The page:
After 26 years of political and economic transformation in Poland, after its deep identity crises and a period of foreign (mostly American) influences, Polish cinema is rising. “Dług” (The Dept) and “Cześć Tereska” (Hi, Tereska), produced several years ago, were the first signs and symptoms of better times in the Polish movie industry. Later, the freshness of “Edi”, “Cud Purymowy” (Purispiel) and “Dzień świra” (The Day of Wacko) was a nice surprise. Recently “Dzień kobiet” (Woman’s Day), “Układ zamknięty” (Closed circuit) or “Drogówka” (Traffic Police) were highly talked about. After a period of pursuing the sensational and attempting to please mostly young mass consumers, Polish cinema found itself to be a part of the new reality at last. It observes it closely; it discovers pathologies of modern life and portrays individuals who an intelligent viewer can identify with. There are still many scenes full of vulgarity and violence but they seem to serve a different purpose than just glorifying violence and sex. New Polish films are reports and commentaries on what is happening around us. They ask difficult questions regarding our attitudes toward what we see and our reactions to the evil that surround us. This genre is similar to Italian neo-realism but it reflects Polish identity and describes Polish reality of the 21st century. Are we witnessing the birth of new “Polish school”? The analysis of the films produced by new wave directors entitles us to a positive response but we need to give a little more time to be able to use such definition consistently. However, even today we can make a safe statement that there is a definite new trend within modern Polish cinema. It deals with the shocking and pathological. The plot is most often based on facts and even if it’s not, it is so close to reality that we feel like we are witnessing events near us. These films are artistically and technically mature and they ask questions a lot of Poles prefer not to ask for many reasons. After all nobody likes to ask themselves why they are hypocrites, xenophobes or cowards; why they are insensitive to the needs of their next-door neighbor and their religiousness is reduced to a show-off on Sundays. These films perform a purifying function. They initiate wide debates in the media and small ones, but not less important ones, in our homes. They try to explain what the reasons of frustrations are and what is hard for Poles to accept. Maybe thanks to movies like “Cześć Tereska”, “Plac Zbawiciela” (Savior Square), “Baby blues” or “Sala samobójców” (Suicide Hall) there will be less human drama and the Poles will become better, more sensitive and more courageous in their fight with street or family violence.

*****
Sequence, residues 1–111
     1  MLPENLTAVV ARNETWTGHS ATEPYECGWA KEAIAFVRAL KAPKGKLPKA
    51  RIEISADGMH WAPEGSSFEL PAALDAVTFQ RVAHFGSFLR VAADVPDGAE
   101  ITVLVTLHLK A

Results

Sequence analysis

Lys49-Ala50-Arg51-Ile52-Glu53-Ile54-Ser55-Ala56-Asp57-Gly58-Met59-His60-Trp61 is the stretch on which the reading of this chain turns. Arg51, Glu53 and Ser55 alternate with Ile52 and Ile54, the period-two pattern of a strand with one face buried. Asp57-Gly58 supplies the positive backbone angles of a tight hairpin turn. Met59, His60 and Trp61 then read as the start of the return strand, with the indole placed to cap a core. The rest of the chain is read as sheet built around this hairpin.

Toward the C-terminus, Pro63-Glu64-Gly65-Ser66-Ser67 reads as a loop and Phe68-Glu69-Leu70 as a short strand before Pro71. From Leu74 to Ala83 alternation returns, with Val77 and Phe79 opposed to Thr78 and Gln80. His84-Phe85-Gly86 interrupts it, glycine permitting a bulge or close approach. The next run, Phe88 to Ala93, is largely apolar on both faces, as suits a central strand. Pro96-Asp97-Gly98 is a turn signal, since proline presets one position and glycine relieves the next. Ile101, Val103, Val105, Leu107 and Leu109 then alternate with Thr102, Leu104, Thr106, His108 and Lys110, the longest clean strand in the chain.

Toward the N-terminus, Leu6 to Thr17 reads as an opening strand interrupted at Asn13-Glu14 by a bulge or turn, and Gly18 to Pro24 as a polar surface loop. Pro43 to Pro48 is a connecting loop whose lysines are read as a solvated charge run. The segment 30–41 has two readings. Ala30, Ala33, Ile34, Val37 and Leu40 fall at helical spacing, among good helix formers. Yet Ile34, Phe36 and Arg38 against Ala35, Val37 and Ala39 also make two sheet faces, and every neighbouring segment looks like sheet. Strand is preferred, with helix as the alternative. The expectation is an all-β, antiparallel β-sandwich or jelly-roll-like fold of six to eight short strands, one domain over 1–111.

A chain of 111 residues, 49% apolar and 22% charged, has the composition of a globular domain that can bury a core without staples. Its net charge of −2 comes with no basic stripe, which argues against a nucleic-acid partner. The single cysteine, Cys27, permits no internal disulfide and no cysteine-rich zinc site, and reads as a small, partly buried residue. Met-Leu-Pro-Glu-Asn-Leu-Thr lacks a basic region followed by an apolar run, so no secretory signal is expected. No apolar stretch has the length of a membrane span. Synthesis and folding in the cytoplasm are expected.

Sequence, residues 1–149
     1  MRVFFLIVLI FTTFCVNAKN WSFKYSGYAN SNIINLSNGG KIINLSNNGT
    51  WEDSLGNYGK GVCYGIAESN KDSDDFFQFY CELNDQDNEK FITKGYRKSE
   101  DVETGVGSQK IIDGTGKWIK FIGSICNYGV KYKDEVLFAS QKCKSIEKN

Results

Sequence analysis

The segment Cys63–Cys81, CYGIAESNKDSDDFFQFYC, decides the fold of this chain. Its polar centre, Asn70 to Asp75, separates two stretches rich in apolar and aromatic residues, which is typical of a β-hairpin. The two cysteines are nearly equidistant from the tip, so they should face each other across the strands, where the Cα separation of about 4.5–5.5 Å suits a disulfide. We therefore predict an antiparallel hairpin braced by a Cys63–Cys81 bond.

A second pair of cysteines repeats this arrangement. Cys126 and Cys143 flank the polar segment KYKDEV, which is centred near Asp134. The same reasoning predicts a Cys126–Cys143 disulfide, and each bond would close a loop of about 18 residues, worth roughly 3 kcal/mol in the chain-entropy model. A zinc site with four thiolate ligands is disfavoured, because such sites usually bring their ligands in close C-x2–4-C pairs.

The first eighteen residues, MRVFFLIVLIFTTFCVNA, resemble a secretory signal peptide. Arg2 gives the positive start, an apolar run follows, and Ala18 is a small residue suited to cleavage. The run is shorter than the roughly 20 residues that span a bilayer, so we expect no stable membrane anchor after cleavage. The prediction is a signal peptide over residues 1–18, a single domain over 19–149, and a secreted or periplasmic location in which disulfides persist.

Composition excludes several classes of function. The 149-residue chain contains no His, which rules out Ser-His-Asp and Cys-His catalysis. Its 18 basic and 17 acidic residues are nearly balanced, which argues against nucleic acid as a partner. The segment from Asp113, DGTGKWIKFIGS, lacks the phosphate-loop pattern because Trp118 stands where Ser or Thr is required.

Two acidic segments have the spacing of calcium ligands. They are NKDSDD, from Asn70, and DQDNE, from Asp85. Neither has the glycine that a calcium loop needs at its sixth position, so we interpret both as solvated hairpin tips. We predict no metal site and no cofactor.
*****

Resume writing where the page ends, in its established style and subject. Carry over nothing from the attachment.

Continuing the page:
Mirosław Jelonkiewicz is a lecturer at the Polonicum Centre of Polish Language and Culture at the University of Warsaw since 1974 and teaches Polish as a foreign language. Mr. Jelonkiewicz specializes in teaching Polish History and Culture through films. Over the last 25 years his articles on teaching culture have been published in Polish periodicals such as Polonicum Quaterly or Postscriptum. He has taught Polish Culture in over a dozen European universities as member of Erasmus program for teachers. In 1984-89 Mr Jelonkiewicz taught Polish at the University of New Delhi in India.